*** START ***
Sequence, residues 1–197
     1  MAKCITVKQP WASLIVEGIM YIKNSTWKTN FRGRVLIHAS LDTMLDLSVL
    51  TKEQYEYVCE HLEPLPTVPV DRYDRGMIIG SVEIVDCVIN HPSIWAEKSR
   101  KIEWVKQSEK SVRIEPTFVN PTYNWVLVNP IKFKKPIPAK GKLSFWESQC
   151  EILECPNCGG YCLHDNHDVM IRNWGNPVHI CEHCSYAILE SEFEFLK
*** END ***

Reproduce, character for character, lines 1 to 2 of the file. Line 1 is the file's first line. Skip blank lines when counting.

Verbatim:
Sequence, residues 1–197
     1  MAKCITVKQP WASLIVEGIM YIKNSTWKTN FRGRVLIHAS LDTMLDLSVL